Assessing through Assessments: NBC Comedies
March 14th, 2010
I don’t have a whole lot to say this week about the Thursday night comedies that’s particularly new, since I’m a few days behind, but I’ve rarely let that stop me before. However, rather than prattling on about all four shows, I figured I’d highlight some passages from other reviews of the episodes; this is an intriguing time for all four comedies from a critical perspective, so there’s some diverse thoughts floating around that I relate with to varying degrees.
And so, in a longer form than I had initially intended, I’ll highlight some of those great reviews and offer my own thoughts on “Basic Genealogy,” “The Possum,” “St. Patrick’s Day,” and “Future Husband.”
“Dealbreakers Talk Show #0001”
December 3rd, 2009
After writing rather lengthy analysis of the other three NBC comedies, all of which tapped into the emotional recesses of their characters in uncomfortable or telling fashions, it’s refreshing to get to 30 Rock, which tried to do absolutely none of those things.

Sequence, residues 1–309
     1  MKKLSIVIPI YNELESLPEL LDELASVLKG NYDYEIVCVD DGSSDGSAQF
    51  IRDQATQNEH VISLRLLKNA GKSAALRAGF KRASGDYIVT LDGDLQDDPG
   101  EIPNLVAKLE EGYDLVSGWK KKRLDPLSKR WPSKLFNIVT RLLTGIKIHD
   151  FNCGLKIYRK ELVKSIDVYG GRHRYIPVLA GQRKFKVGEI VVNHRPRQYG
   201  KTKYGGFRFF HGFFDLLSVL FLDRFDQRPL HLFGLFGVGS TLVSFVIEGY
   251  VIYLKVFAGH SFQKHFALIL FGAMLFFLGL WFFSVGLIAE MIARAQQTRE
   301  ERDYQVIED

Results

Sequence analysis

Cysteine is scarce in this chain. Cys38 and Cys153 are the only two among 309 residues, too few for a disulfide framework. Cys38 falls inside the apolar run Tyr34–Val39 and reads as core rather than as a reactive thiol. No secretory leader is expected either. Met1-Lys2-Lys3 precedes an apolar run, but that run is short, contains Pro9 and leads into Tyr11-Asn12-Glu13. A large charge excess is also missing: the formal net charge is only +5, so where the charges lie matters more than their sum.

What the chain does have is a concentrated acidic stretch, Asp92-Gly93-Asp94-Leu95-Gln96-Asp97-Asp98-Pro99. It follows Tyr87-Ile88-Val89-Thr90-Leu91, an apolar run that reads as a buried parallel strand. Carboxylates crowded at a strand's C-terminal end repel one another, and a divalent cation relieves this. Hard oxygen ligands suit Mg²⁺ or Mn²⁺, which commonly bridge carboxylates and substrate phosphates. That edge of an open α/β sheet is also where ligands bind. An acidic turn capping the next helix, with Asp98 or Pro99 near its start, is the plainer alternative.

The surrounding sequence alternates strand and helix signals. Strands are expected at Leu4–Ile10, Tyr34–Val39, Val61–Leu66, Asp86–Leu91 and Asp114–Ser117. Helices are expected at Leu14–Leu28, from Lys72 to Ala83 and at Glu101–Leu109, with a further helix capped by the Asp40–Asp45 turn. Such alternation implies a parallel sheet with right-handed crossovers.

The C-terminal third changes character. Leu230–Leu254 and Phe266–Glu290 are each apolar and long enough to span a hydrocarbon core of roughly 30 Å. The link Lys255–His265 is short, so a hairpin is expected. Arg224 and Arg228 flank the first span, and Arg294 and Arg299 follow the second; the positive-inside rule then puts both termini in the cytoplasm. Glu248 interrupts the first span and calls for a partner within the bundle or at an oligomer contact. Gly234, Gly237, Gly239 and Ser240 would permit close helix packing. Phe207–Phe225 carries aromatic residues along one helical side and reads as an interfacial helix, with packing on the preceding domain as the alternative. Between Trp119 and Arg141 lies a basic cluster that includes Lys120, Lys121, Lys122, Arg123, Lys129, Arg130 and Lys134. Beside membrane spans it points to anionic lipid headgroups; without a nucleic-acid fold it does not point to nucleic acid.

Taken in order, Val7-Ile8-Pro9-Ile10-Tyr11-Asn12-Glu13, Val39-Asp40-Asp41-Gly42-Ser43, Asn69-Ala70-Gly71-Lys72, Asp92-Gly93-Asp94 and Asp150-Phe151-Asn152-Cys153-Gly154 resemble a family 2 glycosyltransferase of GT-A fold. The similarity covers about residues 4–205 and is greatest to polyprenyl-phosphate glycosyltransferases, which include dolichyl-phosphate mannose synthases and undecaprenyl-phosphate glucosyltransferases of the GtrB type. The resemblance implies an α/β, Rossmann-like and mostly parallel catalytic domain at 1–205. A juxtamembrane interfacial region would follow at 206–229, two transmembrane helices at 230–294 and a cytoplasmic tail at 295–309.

While it wasn’t an all-time classic, “Dealbreakers Talk Show #0001” was a prime example of what happens when you just let Liz Lemon run free. The episode follows a paper thin plot, rarely taking a story to any unexpected or surprising place, but Tina Fey is so inherently in control of this character that she is able to depict Liz’s downward spiral into a Jekyll/Hyde split persona in a way that makes you laugh so hard you forget just how pointless it all is.
It becomes a series of cleverly executed sight gags at a certain point in the episode, demonstrating that even the simplest of stories (even when that story surrounds an element of the show which could be complicated) can elicit laughs within the universe Fey has created here.